Wednesday, December 7, 2011

Sources Used in Sunday's Sermon

I try to have some pastoral integrity and cite my sources in my sermons.  If it's somebody else's idea, I want to give her or him credit.  Yet given the fact that I speak without notes, I inevitably forget from time to time to give credit where credit is due.  I received some very good feedback regarding Sunday's sermon and want to make sure I list my sources for it.

Sunday's sermon was entitled "Spiritual Halitosis" an idea I got from reading about the "breath of God" in Isaiah 40.  The breath of God gives true life and reminds us of our mortality, whereas the air we ingest often is life-taking and idolatrous--hence bad spiritual breath.  On Peace Sunday, the second Sunday of Advent, I offered the idea that we must begin to work for peace by moving from an inward peace and then move outward to peace in our closest relationships and then to the world.

I made use in the sermon of the wonderful book by Frederic and Mary Ann Brussat Spiritual Literacy: Reading the Sacred in Everyday Life.  It is a wonderful collection of thoughts on the spiritual life.  From this book, I got the wonderful story of the woman who went shopping in Jesus' mall store by Megan McKenna.  Also, I got the great thoughts about faithful parenting--Mother Theresa's exhortation to some wealthy matrons to create peace in their families before they worked with the poor and homeless and the words of Polly Berrien Berends who declares that "parenthood is the world's most intensive course in love." and by Gary Snyder that having a "child in the house is like living with a Zen master, it requires attention, patience, and selflessness."  Finally, I took from this book the story by Joseph Campbell about the woman who could not love God, to whom the Hindu sage urged to love her family member and that would be her service and love to God.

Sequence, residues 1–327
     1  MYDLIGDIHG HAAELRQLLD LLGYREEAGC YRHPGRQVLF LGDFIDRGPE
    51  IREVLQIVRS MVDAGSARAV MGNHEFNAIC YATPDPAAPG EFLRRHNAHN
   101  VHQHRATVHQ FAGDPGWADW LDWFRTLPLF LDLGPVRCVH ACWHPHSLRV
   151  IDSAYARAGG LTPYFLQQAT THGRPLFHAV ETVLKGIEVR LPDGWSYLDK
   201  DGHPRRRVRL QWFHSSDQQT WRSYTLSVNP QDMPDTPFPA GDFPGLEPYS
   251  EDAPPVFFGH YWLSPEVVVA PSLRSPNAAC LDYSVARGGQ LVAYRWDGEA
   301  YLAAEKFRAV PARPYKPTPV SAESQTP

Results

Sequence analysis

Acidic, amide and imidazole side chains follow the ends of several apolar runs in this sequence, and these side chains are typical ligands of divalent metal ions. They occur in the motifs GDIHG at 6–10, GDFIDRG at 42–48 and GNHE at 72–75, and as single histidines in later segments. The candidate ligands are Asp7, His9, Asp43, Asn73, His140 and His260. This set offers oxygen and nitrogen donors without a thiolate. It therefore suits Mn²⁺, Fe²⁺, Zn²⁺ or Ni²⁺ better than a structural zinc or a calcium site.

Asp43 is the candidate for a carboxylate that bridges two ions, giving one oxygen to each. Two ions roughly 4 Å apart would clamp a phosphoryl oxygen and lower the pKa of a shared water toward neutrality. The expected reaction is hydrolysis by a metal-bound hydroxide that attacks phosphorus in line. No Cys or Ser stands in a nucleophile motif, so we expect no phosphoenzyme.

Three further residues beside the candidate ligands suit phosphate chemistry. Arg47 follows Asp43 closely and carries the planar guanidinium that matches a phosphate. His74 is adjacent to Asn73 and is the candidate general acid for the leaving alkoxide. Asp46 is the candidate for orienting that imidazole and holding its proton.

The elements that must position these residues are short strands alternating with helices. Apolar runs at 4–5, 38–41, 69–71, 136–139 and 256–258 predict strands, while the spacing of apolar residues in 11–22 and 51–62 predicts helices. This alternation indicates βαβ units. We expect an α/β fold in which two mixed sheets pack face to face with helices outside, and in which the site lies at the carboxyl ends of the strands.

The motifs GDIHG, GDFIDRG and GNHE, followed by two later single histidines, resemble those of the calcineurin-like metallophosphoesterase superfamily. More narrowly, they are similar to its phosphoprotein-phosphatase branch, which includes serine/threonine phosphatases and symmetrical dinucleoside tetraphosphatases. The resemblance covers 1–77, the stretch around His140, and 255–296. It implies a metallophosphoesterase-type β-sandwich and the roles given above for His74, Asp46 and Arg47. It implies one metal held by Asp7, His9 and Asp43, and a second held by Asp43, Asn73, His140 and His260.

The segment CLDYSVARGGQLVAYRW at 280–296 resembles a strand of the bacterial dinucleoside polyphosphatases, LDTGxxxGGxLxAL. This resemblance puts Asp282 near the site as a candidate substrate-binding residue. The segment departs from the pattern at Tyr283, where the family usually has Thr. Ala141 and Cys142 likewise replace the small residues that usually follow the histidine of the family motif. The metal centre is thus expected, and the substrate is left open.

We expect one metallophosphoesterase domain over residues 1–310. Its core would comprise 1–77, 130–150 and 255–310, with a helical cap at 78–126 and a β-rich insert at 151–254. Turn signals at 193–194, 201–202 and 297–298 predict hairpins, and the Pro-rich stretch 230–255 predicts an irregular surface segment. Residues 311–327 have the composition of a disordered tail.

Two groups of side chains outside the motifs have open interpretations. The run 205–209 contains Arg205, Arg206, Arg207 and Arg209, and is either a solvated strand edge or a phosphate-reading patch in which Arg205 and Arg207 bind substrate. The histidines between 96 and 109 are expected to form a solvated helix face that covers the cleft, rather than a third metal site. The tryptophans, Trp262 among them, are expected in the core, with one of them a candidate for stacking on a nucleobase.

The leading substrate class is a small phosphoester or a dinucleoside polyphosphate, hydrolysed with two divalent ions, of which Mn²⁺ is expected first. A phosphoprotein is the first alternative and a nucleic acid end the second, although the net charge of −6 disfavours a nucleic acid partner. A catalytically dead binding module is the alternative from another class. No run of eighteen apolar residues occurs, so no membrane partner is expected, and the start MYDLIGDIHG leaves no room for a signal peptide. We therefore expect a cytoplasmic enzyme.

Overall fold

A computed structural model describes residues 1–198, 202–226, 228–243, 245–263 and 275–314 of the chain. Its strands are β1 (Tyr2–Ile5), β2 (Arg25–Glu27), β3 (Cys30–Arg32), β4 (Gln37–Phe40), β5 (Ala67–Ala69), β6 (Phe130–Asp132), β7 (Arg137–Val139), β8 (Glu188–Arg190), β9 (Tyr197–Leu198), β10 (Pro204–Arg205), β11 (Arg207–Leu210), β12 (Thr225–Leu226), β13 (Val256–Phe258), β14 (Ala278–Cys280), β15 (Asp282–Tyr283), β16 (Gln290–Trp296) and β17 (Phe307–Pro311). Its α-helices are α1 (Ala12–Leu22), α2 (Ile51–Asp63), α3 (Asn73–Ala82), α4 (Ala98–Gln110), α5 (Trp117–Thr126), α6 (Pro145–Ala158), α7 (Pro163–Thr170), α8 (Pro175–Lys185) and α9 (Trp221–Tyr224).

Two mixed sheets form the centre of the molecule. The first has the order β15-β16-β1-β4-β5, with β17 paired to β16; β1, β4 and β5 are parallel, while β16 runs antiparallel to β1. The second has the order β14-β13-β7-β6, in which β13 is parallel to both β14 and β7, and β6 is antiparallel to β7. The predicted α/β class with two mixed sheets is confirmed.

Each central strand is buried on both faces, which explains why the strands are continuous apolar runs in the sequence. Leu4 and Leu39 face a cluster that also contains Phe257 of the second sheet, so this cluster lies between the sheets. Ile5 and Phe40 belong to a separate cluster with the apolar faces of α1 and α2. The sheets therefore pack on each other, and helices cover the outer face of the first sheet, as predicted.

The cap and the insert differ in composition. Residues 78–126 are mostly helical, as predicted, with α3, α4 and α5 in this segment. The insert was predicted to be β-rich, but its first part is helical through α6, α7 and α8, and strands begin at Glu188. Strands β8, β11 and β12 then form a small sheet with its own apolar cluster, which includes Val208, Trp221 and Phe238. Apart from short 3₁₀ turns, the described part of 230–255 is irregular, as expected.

I also quoted one of my favorite authors, Frederick Buechner, from his terrific book Wishful Thinking: A Theological ABC.  He writes about compassion:

Compassion is the sometimes fatal capacity for feeling what it's like to live inside somebody else's skin.  It is the knowledge that there can never really be any peace and joy for me until there is peace and joy finally for you too.

Also, I referenced Parker Palmer's wonderful book The Active Life where he quotes a friend who declares, "I have never asked myself if I was being effective, but only if I was being faithful."

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